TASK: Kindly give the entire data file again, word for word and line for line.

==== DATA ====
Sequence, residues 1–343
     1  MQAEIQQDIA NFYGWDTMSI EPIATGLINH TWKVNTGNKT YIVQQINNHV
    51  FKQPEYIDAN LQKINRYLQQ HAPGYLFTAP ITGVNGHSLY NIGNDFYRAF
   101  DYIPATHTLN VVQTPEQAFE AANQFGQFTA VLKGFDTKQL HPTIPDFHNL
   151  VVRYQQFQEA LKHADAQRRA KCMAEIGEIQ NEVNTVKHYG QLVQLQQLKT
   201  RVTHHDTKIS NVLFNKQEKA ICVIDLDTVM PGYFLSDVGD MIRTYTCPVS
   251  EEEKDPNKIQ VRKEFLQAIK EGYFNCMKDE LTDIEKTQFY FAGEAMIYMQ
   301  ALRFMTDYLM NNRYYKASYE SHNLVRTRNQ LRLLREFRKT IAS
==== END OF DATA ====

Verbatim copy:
Sequence, residues 1–343
     1  MQAEIQQDIA NFYGWDTMSI EPIATGLINH TWKVNTGNKT YIVQQINNHV
    51  FKQPEYIDAN LQKINRYLQQ HAPGYLFTAP ITGVNGHSLY NIGNDFYRAF
   101  DYIPATHTLN VVQTPEQAFE AANQFGQFTA VLKGFDTKQL HPTIPDFHNL
   151  VVRYQQFQEA LKHADAQRRA KCMAEIGEIQ NEVNTVKHYG QLVQLQQLKT
   201  RVTHHDTKIS NVLFNKQEKA ICVIDLDTVM PGYFLSDVGD MIRTYTCPVS
   251  EEEKDPNKIQ VRKEFLQAIK EGYFNCMKDE LTDIEKTQFY FAGEAMIYMQ
   301  ALRFMTDYLM NNRYYKASYE SHNLVRTRNQ LRLLREFRKT IAS